China’s contribution to UN Peacekeeping

As it is written in the provisions of Article 17 of the Charter of the United Nations, the financing of UN Peacekeeping operations is the responsibility of all UN member states. The five permanent members of the Security Council, however, are required to pay a larger share to peacekeeping operations because of their responsibility towards international peace and security.

China, one of the permanent members of the Security Council, recently received special attention due to their increased contribution to UN Peacekeeping. During his speech to the UN General Assembly in September last year, Chinese President Xi Jinping pledged to contribute 8,000 troops for a UN peacekeeping standby force and to provide $100 million to the African Union to create an immediate response unit. Additionally, President Xi would contribute $1 billion to the United Nations for a “peace and development fund”. This announcement was seen as a response to calls from the United States, who felt that because of their position as a global economic power, China needed to take more responsibilities at the UN.

In the past, China’s contributions to UN Peacekeeping operations has always been high. In fact, China has deployed the most troops to peacekeeping operations compared to the other four members of the Security Council. Nevertheless, given China’s huge defense budget, their past contributions were small in comparison to other big contributing countries such as Bangladesh and Pakistan.

China has deployed peacekeepers for the UN missions in South Sudan, Mali, Darfur and the Democratic Republic of Congo. The largest contingent is in South Sudan, where China is the biggest investor in the oil industry.

China’s rising role in international peace and security affairs has been noted to be a part of President Xi’s effort to show China as a responsible actor in the international field. There has been an overall shift in China’s foreign policy style since Xi Jinping became President in 2012. China’s foreign policy is more self-assured, more pragmatic and converges better with global norms of cooperation.  Thus, China’s decision to increase its role in international peace and security is closely linked with how the country  is shaping its image and reputation in the global arena. Beijing recognizes the need for China to be more responsive to international expectations and reduce tensions and conflicts. Nevertheless, President Xi dismissed concerns that China’s growing influence in international affairs was a threat. He said in his address to the General Assembly, “We are committed to peaceful development. No matter how the international landscape may evolve and how strong China may become, China will never pursue hegemony, expansion, or sphere of influence.”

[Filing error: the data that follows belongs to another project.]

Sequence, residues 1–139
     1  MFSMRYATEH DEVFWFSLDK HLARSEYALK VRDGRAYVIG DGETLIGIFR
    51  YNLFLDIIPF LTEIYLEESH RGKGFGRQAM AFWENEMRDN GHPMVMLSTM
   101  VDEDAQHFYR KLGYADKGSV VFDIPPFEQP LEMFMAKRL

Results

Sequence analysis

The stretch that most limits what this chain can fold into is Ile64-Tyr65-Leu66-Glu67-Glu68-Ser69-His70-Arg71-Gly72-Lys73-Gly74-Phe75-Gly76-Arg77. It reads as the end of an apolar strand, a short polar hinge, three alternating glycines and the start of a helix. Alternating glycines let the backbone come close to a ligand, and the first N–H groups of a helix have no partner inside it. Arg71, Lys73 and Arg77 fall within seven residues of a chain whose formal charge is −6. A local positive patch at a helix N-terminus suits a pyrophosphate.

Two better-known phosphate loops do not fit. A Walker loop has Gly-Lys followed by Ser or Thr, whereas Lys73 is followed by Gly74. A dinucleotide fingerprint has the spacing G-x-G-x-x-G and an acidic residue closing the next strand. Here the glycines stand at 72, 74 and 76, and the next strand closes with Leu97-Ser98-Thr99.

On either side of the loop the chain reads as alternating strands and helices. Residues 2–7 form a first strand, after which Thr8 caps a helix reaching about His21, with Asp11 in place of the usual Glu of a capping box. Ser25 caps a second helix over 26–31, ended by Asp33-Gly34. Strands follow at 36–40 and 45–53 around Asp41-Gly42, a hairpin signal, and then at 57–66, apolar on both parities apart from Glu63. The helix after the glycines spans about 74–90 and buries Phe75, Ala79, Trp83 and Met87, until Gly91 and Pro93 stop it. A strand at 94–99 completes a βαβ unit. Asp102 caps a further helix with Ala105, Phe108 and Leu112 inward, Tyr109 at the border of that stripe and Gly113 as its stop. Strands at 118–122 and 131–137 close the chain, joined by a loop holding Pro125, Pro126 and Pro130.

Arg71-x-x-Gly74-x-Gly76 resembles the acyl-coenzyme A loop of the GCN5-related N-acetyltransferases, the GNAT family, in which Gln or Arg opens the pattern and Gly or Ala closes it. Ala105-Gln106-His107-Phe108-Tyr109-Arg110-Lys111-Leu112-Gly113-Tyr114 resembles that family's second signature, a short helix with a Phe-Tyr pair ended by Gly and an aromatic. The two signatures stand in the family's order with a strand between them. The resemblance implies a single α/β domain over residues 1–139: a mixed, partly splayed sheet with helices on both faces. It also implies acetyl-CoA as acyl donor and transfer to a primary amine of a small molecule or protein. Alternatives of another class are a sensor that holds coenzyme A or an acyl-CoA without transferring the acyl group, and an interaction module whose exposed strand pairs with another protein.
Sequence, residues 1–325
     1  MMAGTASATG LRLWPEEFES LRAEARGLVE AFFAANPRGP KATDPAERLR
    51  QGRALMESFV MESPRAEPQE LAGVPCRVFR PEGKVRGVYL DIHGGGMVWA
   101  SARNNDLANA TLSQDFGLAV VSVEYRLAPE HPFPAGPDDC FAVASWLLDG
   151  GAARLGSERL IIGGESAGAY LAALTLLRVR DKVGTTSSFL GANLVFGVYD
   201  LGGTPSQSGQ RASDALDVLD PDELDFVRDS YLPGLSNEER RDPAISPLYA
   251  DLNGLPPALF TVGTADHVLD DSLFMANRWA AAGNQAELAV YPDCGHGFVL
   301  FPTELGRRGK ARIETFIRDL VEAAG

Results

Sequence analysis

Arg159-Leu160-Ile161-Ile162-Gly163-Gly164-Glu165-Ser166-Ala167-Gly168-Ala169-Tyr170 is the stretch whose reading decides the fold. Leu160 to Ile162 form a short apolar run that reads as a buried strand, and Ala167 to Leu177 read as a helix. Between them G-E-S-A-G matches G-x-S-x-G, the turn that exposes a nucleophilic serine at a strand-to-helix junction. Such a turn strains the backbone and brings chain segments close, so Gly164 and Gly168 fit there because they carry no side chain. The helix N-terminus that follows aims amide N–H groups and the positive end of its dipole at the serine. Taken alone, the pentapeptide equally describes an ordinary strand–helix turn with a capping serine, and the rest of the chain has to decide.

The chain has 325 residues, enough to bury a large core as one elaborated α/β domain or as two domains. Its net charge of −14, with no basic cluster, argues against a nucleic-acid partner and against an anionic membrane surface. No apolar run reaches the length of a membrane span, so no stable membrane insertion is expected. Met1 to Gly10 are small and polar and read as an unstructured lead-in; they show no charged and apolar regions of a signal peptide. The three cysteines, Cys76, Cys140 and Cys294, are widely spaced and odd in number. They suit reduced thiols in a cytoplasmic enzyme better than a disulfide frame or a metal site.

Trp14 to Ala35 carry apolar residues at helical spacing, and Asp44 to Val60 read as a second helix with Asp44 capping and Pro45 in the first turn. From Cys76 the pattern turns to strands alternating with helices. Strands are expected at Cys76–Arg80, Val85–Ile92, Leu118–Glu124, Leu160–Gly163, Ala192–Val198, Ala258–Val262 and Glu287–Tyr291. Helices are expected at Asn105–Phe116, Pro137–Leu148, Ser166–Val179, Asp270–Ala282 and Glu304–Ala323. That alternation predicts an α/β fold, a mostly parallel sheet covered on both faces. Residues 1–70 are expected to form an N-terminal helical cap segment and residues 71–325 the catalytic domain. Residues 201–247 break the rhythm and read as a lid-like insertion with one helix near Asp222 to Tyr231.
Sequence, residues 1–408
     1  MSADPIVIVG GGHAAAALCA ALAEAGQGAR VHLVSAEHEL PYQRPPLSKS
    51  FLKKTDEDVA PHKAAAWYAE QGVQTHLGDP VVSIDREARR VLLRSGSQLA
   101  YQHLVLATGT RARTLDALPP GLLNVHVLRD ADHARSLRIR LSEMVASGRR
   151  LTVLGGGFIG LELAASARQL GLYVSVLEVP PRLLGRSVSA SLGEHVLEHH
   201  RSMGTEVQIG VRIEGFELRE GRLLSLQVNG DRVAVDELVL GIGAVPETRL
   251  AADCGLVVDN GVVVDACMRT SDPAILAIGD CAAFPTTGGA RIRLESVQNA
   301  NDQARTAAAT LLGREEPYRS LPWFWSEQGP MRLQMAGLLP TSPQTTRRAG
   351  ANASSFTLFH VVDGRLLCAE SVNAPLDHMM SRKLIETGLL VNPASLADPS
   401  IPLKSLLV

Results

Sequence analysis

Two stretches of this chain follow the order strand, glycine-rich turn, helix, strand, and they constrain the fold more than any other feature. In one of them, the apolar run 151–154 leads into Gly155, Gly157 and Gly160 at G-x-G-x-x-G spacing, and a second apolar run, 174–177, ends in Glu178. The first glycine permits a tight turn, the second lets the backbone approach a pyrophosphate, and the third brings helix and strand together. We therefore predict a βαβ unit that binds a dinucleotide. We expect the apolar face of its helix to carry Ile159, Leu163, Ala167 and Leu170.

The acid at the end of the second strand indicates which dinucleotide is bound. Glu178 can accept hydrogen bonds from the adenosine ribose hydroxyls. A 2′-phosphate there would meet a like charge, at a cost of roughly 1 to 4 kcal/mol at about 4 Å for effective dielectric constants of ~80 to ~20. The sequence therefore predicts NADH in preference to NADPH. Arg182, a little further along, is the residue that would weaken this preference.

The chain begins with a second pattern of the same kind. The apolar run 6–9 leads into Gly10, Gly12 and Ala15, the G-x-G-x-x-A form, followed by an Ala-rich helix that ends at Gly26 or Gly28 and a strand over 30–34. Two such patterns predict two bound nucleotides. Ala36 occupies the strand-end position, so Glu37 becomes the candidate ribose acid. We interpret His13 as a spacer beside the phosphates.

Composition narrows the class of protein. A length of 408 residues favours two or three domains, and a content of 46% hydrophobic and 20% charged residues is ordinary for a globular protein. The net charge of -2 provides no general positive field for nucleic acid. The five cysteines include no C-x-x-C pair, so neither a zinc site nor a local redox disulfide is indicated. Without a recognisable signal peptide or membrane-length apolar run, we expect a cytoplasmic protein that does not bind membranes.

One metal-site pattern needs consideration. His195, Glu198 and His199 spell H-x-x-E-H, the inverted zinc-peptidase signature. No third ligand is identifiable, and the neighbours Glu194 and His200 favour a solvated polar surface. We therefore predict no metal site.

Today, China is the sixth country in providing funding for UN peacekeeping(1) and ninth in providing troops and police(2). China is the only country that significantly contributes in both troops and also money. If China’s foreign policy continues as described above and their contribution towards UN Peacekeeping continues to increase, China’s role in international peace and security will inevitably also rise.

by Ingrid Silalahi

Footnotes:

(1) China follows the top five funding countries which are: United States, Japan, France, Germany and United Kingdom.

(2) The top five troops and police contributors are: Bangladesh, Ethiopia, India, Pakistan, Rwanda.

Sources:

Huang, C. (2013). Peacekeeping Contributor Profile: The People’s Republic of China. [online] Providing for Peacekeeping. Available at: http://www.providingforpeacekeeping.org/2014/04/03/contributor-profile-china/ [Accessed 28 Feb. 2016].

Martina, M. and Brunnstrom, D. (2015). China’s Xi says to commit 8,000 troops for U.N. peacekeeping force. [online] Reuters. Available at: http://www.reuters.com/article/us-un-assembly-china-idUSKCN0RS1Z120150929 [Accessed 28 Feb. 2016].

Perlez, J. (2015). China Surprises U.N. With $100 Million and Thousands of Troops for Peacekeeping. [online] Nytimes.com. Available at: http://www.nytimes.com/interactive/projects/cp/reporters-notebook/xi-jinping-visit/china-surprisesu-n-with-100-million-and-thousands-of-troops-for-peacekeeping [Accessed 28 Feb. 2016].

United Nations, (2016). Financing peacekeeping. [online] Un.org. Available at: http://www.un.org/en/peacekeeping/operations/financing.shtml [Accessed 28 Feb. 2016].

United Nations, (2015). Troop and police contributors. [online] Un.org. Available at: http://www.un.org/en/peacekeeping/resources/statistics/contributors.shtml [Accessed 28 Feb. 2016].

van der Putten, F. (2015). China’s Evolving Role in Peacekeeping and African Security: The Deployment of Chinese Troops for UN Force Protection in Mali. Clingendael Report. [online] The Hague: Clingendael Institute, pp.13-18. Available at: http://www.clingendael.nl/sites/default/files/Clingendael%20Report%20-%20China%E2%80%99s%20Evolving%20Role%20in%20Peacekeeping%20and%20African%20Security%20sept%202015.pdf [Accessed 28 Feb. 2016].  

Image Source:

Karen, A. (2015). What China hopes to achieve with first peacekeeping mission. [online] BBC News. Available at: http://www.bbc.com/news/world-africa-34976580 [Accessed 28 Feb. 2016]

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